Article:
Nadiya Hussain: Baking is a family affair

As she releases her first ever baking book (yes really!), Nadiya Hussain talks to Prudence Wade about passing on a love of cakes, cookies and pastries to her kids and relatives

Anyone who has cooked for children will know how brutally honest they can be with their critiques, making it even sweeter when they do dish out a compliment.

Nadiya Hussain has experienced this with her three kids – but as food is her full-time job, she’s on a slightly different level than the rest of us.

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“It’s great for my ego, but that being said they are very critical,” Nadiya, 35, admits. “They are very, very honest – it’s like living with Paul Hollywood and Mary Berry in the house constantly, 24 hours a day.”


And this is something she would know about – after all, she wowed the two judges with her creations, before going on to win The Great British Bake Off back in 2015.

It might have been a baking contest that launched her career, but Nadiya is only now releasing her first baking book – Nadiya Bakes (all her other recipe collections have been the non-baking variety).

And while her kids might be hyper-critical, she’s obviously inspired them to get in the kitchen. “They don’t even need me anymore,” she says. “They don’t really bake with me; they’ve become very independent.”

She recalls handing over baking responsibilities to her 13-year-old son for the first time earlier in 2020, for the Islamic holiday of Eid al-Adha. He made a “chocolate espresso whipped salted caramel ganache cake”, which was “all him – he picked the elements and [took] recipes from things that I’ve done.”


As his sister doesn’t like coffee, she made cupcakes, with “more food colouring than the rainbow itself”.

Handing over the reins was a particularly big moment, as Nadiya admits she’s “a bit of a control freak – I quite like knowing exactly what’s happening, who’s doing it, and I like things to look a certain way. It’s hard for me to let go.”

Until recently, she hadn’t had to share baking with anyone in her family. It wasn’t “something we did growing up”, she confesses. “I’m the only one that does it. It was a novelty at first.”

Cooking was definitely a big part of her childhood, but it’s a different skill to baking. “Cooking is a bit of this and a bit of that,” Nadiya explains. “When I was growing up, I was trying to learn how to cook certain things from my dad, and he’d be like, ‘Just take a bit of that’ – I’d keep asking how much is a bit and he’s like ‘a pinch’. I’m like, ‘But dad, you have fingers like Twix bars, my pinch is different to your pinch’,” She adds with a mock groan. “He never gives me clear instructions.”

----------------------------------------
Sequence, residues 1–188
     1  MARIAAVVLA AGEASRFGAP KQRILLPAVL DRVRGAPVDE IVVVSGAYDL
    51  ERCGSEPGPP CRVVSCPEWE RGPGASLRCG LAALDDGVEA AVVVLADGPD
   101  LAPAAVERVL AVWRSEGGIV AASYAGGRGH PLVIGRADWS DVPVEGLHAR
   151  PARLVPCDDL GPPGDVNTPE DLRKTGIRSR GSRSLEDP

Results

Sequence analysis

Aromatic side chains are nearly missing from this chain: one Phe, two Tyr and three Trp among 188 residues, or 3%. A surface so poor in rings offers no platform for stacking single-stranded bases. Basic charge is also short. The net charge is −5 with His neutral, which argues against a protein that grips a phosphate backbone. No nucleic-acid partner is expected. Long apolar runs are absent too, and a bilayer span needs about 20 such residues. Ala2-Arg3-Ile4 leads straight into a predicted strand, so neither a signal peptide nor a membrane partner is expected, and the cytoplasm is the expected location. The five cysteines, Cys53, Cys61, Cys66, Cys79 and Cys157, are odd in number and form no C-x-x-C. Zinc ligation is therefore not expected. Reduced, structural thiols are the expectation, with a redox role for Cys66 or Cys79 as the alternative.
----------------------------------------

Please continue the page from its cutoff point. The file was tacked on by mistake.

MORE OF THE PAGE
Baking can be more of a precise science, of course – and Nadiya has managed to get her whole family into it. “It’s really odd because now I get text messages saying, ‘What should I do with this? What can I do with that? Is this OK?’ And that’s really cool because I’ve become my mum sooner than I should have because nobody else bakes in my family, so that’s nice.”

That being said, if the success of her cookbooks is anything to go by, chances are it won’t just be Nadiya’s family following her baking advice…


(Serves 8)


4 large eggs

20ml whole milk

350g strong bread flour, plus extra for dusting

7g fast-action yeast

30g caster sugar

5g salt

2tsp chilli flakes

200g dried cranberries, chopped

200g unsalted butter, softened and cubed

1 x 250g Camembert with a wooden casing

To finish:

1 egg, lightly beaten

A good pinch of sea salt

2tbsp fine-shred Marmalade


Whisk the eggs and milk to incorporate. Add the flour, yeast, sugar and salt to another bowl and mix until well combined. Add the chilli flakes and the cranberries and mix through. Make a well in the centre, add the milk mixture and bring the dough roughly together. The mixture will look quite wet and more like a very thick cake batter, but don’t worry. Using a free-standing mixer with a dough hook attached, slowly add the butter a little at a time until you have used it all up, then knead the dough on a fast setting for 10 minutes. Cover, pop into the fridge and leave to prove overnight.